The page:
Financial blues at Chelsea and Everton show UEFA complacency is unjustified


By David Owen

You would never guess from the complacent tone of the new UEFA club licensing benchmarking report, but January 2020 may be set to go down as a turning-point in English, and therefore European, club finances – and not in a good way.

Two big Premier League clubs – Chelsea and Everton – both in the Top 20 in the world in revenue terms, have posted annual pre-tax losses for 2018-19 of above £100 million in quick succession*. This signifies that the good times, which brought eye-popping Premier League profitability in both 2016-17 and 2017-18, as well as what UEFA president Aleksander Čeferin refers to as “a second successive year of overall profitability for European top-division clubs”, are over.

And they look to be over for some time to come. In the past, the cost bases of even the best-run clubs would start to overhaul revenues in the final year(s) of the TV rights cycle. But this could be dismissed as an essentially short-term concern because a bumper new rights deal was about to reset the dials and send income spiralling skywards once again.

This time, there will be only a relatively feeble uptick for English top-tier clubs from their new Premier League deal, which kicks in from this season. Everton summarised the position with admirable clarity.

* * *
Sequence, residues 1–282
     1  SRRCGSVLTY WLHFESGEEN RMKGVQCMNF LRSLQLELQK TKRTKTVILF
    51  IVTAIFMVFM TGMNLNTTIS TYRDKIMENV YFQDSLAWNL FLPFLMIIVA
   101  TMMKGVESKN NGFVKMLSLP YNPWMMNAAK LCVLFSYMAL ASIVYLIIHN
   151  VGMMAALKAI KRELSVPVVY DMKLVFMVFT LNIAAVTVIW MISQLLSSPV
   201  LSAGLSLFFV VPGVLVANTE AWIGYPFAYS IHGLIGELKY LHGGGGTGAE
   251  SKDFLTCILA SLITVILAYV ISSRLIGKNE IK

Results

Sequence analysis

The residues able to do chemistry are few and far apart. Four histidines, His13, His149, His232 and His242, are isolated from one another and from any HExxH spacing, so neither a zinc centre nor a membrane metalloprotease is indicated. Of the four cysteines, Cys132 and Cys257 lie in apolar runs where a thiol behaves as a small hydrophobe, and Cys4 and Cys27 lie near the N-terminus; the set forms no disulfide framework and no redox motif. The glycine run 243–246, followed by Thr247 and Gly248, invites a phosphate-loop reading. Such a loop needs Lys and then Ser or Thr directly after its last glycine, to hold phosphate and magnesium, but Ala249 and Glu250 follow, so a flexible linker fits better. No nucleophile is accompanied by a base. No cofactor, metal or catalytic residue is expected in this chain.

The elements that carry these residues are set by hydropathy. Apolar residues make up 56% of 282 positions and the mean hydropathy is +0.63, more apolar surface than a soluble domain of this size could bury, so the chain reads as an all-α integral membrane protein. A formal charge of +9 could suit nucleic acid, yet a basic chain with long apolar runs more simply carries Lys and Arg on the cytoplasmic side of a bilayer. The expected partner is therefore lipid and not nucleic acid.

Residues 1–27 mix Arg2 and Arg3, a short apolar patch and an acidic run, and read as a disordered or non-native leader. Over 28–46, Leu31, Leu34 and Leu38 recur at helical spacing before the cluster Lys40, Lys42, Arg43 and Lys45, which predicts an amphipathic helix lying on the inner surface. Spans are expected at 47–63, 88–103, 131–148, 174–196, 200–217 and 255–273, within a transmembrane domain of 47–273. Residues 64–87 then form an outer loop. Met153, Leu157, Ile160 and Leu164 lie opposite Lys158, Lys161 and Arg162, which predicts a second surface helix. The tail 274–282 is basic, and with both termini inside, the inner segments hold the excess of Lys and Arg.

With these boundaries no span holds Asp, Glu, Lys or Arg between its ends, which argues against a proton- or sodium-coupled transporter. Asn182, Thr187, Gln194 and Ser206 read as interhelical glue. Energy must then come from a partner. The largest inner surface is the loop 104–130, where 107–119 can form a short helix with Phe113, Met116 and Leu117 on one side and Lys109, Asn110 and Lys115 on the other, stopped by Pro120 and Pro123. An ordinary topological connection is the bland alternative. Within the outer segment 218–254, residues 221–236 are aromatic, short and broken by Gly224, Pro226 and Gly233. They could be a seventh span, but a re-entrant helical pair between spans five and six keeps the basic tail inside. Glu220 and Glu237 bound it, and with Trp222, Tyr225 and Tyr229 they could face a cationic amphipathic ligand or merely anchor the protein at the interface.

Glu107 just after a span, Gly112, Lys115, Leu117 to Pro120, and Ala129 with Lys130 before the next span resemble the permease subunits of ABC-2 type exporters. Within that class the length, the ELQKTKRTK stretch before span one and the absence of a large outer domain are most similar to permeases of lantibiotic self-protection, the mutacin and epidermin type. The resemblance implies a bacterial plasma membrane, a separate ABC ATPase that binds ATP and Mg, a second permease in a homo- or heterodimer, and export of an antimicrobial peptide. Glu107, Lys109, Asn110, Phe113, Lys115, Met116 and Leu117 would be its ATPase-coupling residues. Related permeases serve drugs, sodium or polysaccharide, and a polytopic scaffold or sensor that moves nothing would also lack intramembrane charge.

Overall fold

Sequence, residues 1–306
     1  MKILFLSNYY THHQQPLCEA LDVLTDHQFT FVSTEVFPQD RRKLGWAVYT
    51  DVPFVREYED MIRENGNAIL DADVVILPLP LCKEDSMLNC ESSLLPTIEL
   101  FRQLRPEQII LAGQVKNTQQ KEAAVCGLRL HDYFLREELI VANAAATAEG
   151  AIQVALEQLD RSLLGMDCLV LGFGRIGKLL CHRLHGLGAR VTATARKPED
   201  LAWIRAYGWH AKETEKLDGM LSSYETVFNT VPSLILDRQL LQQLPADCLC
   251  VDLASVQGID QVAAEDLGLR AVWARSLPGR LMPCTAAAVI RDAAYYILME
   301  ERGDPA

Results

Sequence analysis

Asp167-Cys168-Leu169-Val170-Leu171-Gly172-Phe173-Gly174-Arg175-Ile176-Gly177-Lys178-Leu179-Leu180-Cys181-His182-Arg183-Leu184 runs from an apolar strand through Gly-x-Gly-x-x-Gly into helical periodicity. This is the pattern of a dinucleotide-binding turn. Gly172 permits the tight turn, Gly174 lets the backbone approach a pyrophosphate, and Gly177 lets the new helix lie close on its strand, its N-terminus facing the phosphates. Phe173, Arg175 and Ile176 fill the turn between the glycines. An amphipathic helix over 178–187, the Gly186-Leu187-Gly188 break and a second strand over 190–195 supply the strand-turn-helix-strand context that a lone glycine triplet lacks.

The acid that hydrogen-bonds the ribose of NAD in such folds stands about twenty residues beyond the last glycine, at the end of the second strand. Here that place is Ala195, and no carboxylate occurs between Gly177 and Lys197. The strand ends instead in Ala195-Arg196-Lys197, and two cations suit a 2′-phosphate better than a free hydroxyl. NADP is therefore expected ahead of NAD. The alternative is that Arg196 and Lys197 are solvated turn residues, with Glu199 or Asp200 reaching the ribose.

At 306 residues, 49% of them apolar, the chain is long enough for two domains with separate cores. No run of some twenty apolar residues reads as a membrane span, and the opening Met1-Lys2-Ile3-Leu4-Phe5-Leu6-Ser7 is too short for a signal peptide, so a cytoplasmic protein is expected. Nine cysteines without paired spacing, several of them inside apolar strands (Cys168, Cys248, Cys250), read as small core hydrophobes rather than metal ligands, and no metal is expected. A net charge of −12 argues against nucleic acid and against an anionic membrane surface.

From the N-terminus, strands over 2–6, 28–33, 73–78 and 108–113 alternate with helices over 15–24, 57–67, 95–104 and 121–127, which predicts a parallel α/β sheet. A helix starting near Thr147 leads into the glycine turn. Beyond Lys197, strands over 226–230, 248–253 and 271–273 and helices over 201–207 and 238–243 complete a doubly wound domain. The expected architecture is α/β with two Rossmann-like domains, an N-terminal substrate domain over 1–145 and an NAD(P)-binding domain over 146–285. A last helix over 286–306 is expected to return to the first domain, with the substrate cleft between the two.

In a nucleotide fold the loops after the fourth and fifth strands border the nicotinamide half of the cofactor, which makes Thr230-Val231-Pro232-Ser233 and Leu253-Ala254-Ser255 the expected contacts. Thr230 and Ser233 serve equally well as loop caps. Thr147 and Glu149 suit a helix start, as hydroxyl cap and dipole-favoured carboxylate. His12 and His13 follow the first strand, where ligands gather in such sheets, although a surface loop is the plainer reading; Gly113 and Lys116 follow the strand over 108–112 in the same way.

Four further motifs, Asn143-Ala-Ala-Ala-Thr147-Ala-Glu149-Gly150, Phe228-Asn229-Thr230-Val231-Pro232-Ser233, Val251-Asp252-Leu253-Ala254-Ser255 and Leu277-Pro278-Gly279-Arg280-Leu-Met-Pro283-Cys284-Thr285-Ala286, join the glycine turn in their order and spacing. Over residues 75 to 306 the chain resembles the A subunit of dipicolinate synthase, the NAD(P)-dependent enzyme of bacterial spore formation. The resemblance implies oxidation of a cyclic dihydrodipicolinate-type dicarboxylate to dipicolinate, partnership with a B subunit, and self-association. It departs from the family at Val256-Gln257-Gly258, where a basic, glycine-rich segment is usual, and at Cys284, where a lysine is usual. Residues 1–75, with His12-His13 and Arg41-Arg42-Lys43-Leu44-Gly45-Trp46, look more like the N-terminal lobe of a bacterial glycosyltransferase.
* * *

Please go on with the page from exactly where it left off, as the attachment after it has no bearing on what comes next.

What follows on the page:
“The international component of the Premier League TV deal,” the Merseysiders said, “will continue to be a key opportunity for long-term growth with the next three-year TV deal, beginning in 2019-20, growing 30% from the previous TV cycle, compared to the domestic deal which decreased by 8%.

“The distribution mechanism for international TV rights is changing from 2019-20 onwards, with any increases in the value of the international rights above previous levels being allocated on a merit-based system, according to where the club finishes in the league table.”

In 2018-19, Everton earned £80.5 million from Premier League domestic rights and £43.2 million from the international component for a total of £123.7 million. If all other details remained the same in 2019-20 apart from those overall changes in contract value, the equivalent figures for this season would be something like £74 million from domestic rights and £56.2 million from international. This would give the Blues only about another £6.5 million of Premier League-related TV revenue to work with. And that, broadly, will be that for – at least – a further two seasons.

The Premier League has long been the most successful national club competition in the world in commercial terms. But it does not exist in a vacuum. A handy table in the UEFA report shows that, while La Liga has this season closed the gap with the Premier League a little, the only really hefty jump secured for domestic league broadcasting rights among the European ‘Big Five’ for this season or next is that negotiated by France’s Ligue 1 from 2020-21.